Williams, who has held the position since 2009, will continue in the position until a successor is found, according to a news release on Tuesday.
"For the past three years, we have executed on this important mission, while making fundamental changes to prepare housing finance for a better future," Williams said.
"As I told our employees today, I am extremely proud of what we have achieved together, and I am confident that they will continue to make a positive difference."
Fannie Mae and Freddie Mac were both brought under government control during the financial crisis in 2008.
Williams and his counterpart, Charles E. Haldeman Jr., the CEO of Freddie, came under fire for millions of dollars in bonuses paid to their employees during congressional testimony in November.
They argued that the sweeteners in the pay packages are necessary to help protect taxpayers from the losses that would result if Fannie and Freddie failed to retain their best workers.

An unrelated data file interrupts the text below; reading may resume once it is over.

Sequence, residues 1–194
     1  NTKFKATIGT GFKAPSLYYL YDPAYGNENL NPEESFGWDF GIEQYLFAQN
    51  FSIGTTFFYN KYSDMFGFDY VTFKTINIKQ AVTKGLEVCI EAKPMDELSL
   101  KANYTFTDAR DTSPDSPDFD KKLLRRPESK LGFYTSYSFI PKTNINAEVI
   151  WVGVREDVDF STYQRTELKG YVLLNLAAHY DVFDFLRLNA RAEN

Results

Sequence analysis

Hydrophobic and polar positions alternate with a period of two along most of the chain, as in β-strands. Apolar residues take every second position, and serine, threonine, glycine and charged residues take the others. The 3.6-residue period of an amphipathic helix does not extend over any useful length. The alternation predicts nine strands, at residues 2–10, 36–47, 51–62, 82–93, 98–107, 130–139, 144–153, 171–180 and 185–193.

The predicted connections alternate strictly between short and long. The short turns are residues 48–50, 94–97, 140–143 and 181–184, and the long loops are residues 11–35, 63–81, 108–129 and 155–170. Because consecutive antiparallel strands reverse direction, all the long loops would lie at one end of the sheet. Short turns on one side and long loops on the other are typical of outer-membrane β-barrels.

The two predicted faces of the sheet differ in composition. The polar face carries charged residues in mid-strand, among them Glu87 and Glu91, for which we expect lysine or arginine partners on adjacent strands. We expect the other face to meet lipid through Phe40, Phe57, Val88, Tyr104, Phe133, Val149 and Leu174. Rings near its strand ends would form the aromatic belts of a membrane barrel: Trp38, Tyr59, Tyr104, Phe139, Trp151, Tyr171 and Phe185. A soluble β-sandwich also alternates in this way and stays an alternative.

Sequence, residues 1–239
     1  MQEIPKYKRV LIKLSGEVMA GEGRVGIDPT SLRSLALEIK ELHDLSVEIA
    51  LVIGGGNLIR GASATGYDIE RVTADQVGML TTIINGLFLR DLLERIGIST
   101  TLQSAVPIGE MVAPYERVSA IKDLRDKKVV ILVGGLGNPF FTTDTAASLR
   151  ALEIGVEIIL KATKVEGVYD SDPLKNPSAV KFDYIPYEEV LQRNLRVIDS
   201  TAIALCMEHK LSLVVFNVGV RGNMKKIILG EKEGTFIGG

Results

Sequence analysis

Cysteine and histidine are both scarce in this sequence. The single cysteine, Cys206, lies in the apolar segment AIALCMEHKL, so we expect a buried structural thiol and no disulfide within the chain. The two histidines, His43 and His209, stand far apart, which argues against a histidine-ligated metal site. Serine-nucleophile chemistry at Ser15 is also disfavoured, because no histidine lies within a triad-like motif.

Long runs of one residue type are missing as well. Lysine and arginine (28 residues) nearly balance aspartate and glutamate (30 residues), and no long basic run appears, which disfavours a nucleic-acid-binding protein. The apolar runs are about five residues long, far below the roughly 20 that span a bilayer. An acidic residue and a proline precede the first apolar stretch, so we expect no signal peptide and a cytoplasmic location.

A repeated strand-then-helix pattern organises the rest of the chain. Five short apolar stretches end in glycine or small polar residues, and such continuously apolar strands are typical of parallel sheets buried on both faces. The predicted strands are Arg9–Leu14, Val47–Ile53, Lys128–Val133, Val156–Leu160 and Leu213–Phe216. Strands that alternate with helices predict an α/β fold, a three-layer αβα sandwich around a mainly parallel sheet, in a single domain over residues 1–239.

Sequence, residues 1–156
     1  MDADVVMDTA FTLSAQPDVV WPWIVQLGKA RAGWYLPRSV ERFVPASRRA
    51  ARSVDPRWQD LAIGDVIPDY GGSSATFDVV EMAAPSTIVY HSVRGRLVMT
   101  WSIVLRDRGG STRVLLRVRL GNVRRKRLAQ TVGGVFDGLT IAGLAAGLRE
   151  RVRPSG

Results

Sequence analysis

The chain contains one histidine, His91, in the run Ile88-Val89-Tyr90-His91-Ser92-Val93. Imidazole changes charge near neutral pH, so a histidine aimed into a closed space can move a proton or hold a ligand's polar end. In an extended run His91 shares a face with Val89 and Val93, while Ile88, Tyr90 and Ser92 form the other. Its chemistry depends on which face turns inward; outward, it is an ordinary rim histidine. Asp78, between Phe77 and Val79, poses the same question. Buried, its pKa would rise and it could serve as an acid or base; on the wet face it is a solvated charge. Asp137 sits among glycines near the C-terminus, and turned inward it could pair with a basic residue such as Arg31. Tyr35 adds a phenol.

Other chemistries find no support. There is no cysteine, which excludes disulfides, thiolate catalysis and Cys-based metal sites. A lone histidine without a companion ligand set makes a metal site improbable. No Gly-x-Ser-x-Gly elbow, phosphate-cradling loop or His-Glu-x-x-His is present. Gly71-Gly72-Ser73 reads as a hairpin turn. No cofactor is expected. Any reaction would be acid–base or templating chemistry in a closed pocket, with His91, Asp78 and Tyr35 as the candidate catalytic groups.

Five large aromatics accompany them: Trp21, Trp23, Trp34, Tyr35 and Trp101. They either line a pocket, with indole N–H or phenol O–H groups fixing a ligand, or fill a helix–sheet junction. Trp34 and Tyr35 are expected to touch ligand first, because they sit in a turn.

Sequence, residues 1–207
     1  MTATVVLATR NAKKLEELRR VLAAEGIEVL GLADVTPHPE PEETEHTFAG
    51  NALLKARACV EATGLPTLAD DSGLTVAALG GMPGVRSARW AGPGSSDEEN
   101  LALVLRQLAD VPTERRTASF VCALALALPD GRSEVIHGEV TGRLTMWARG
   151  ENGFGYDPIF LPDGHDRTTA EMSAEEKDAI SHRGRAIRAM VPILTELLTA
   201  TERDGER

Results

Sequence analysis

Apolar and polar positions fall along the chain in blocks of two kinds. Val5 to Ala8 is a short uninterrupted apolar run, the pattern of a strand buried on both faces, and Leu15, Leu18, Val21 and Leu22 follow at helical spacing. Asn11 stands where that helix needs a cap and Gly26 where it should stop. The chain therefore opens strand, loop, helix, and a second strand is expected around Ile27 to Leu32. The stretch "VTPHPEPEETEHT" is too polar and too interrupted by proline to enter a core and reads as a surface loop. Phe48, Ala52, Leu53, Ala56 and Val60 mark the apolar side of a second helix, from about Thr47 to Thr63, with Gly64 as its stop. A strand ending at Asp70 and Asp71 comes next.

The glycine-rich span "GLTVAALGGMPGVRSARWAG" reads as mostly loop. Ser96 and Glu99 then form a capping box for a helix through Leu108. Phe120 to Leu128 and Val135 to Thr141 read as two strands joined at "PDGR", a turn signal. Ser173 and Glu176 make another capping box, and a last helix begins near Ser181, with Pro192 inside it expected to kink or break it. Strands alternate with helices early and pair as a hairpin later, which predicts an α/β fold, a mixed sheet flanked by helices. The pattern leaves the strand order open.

"These are challenging jobs and challenging circumstances, and we need to reward the people willing to do them," Williams said.
He added that he has lost five senior vice presidents in the last three months to higher-paying jobs.
A day before that hearing, the House Financial Services Committee advanced a bill with bipartisan support that would overhaul how the government-sponsored enterprises (GSEs) pay their employees — including a provision that would place most of the workforce on the same pay scale as federal employees.
Edward DeMarco, the acting director of the FHFA, which regulates Fannie and Freddie, has said that the federal support — more than $150 billion worth — does not mean the GSEs are government entities.
"Fannie Mae and Freddie Mac employees are not government employees and these are not government agencies. They remain private corporations," he said in November.
DeMarco said his agency will work with the Fannie Mae board of directors in searching for a new CEO.